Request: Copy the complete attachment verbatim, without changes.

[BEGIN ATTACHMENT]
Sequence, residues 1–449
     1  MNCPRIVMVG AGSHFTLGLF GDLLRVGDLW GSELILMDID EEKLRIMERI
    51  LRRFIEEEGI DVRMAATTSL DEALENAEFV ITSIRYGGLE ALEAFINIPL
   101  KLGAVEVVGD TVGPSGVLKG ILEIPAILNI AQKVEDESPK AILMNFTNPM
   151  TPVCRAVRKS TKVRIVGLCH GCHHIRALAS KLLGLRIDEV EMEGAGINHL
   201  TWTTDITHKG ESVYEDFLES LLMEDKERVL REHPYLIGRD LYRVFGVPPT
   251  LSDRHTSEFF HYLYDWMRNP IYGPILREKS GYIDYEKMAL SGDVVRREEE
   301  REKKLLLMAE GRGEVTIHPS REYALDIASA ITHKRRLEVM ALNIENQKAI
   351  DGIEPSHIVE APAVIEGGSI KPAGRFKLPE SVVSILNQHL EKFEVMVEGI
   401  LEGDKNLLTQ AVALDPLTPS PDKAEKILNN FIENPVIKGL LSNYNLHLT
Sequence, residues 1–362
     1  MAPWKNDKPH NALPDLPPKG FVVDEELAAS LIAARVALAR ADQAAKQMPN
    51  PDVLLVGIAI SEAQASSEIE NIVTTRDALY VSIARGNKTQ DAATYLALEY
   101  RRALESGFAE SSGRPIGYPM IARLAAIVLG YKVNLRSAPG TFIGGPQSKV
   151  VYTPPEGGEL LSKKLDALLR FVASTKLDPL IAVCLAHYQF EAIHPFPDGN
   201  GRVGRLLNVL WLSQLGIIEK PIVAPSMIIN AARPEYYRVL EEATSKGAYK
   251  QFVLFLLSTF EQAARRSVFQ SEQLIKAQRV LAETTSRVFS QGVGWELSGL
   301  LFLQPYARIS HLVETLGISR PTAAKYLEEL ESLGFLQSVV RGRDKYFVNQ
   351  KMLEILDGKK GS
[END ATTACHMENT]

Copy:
Sequence, residues 1–449
     1  MNCPRIVMVG AGSHFTLGLF GDLLRVGDLW GSELILMDID EEKLRIMERI
    51  LRRFIEEEGI DVRMAATTSL DEALENAEFV ITSIRYGGLE ALEAFINIPL
   101  KLGAVEVVGD TVGPSGVLKG ILEIPAILNI AQKVEDESPK AILMNFTNPM
   151  TPVCRAVRKS TKVRIVGLCH GCHHIRALAS KLLGLRIDEV EMEGAGINHL
   201  TWTTDITHKG ESVYEDFLES LLMEDKERVL REHPYLIGRD LYRVFGVPPT
   251  LSDRHTSEFF HYLYDWMRNP IYGPILREKS GYIDYEKMAL SGDVVRREEE
   301  REKKLLLMAE GRGEVTIHPS REYALDIASA ITHKRRLEVM ALNIENQKAI
   351  DGIEPSHIVE APAVIEGGSI KPAGRFKLPE SVVSILNQHL EKFEVMVEGI
   401  LEGDKNLLTQ AVALDPLTPS PDKAEKILNN FIENPVIKGL LSNYNLHLT
Sequence, residues 1–362
     1  MAPWKNDKPH NALPDLPPKG FVVDEELAAS LIAARVALAR ADQAAKQMPN
    51  PDVLLVGIAI SEAQASSEIE NIVTTRDALY VSIARGNKTQ DAATYLALEY
   101  RRALESGFAE SSGRPIGYPM IARLAAIVLG YKVNLRSAPG TFIGGPQSKV
   151  VYTPPEGGEL LSKKLDALLR FVASTKLDPL IAVCLAHYQF EAIHPFPDGN
   201  GRVGRLLNVL WLSQLGIIEK PIVAPSMIIN AARPEYYRVL EEATSKGAYK
   251  QFVLFLLSTF EQAARRSVFQ SEQLIKAQRV LAETTSRVFS QGVGWELSGL
   301  LFLQPYARIS HLVETLGISR PTAAKYLEEL ESLGFLQSVV RGRDKYFVNQ
   351  KMLEILDGKK GS